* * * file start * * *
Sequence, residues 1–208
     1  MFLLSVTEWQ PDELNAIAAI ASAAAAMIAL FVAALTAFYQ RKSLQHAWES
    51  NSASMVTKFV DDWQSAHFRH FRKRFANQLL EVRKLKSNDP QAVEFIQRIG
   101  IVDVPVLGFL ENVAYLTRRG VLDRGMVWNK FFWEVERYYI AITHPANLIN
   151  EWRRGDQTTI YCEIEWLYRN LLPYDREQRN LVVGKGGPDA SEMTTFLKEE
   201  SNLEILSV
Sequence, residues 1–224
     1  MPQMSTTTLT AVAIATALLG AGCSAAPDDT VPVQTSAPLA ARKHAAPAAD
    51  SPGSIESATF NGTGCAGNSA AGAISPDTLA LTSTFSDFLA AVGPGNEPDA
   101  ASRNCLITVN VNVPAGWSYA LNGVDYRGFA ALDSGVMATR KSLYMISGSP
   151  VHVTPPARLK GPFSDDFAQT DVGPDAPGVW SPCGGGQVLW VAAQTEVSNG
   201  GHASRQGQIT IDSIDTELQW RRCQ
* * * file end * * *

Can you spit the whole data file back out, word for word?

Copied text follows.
Sequence, residues 1–208
     1  MFLLSVTEWQ PDELNAIAAI ASAAAAMIAL FVAALTAFYQ RKSLQHAWES
    51  NSASMVTKFV DDWQSAHFRH FRKRFANQLL EVRKLKSNDP QAVEFIQRIG
   101  IVDVPVLGFL ENVAYLTRRG VLDRGMVWNK FFWEVERYYI AITHPANLIN
   151  EWRRGDQTTI YCEIEWLYRN LLPYDREQRN LVVGKGGPDA SEMTTFLKEE
   201  SNLEILSV
Sequence, residues 1–224
     1  MPQMSTTTLT AVAIATALLG AGCSAAPDDT VPVQTSAPLA ARKHAAPAAD
    51  SPGSIESATF NGTGCAGNSA AGAISPDTLA LTSTFSDFLA AVGPGNEPDA
   101  ASRNCLITVN VNVPAGWSYA LNGVDYRGFA ALDSGVMATR KSLYMISGSP
   151  VHVTPPARLK GPFSDDFAQT DVGPDAPGVW SPCGGGQVLW VAAQTEVSNG
   201  GHASRQGQIT IDSIDTELQW RRCQ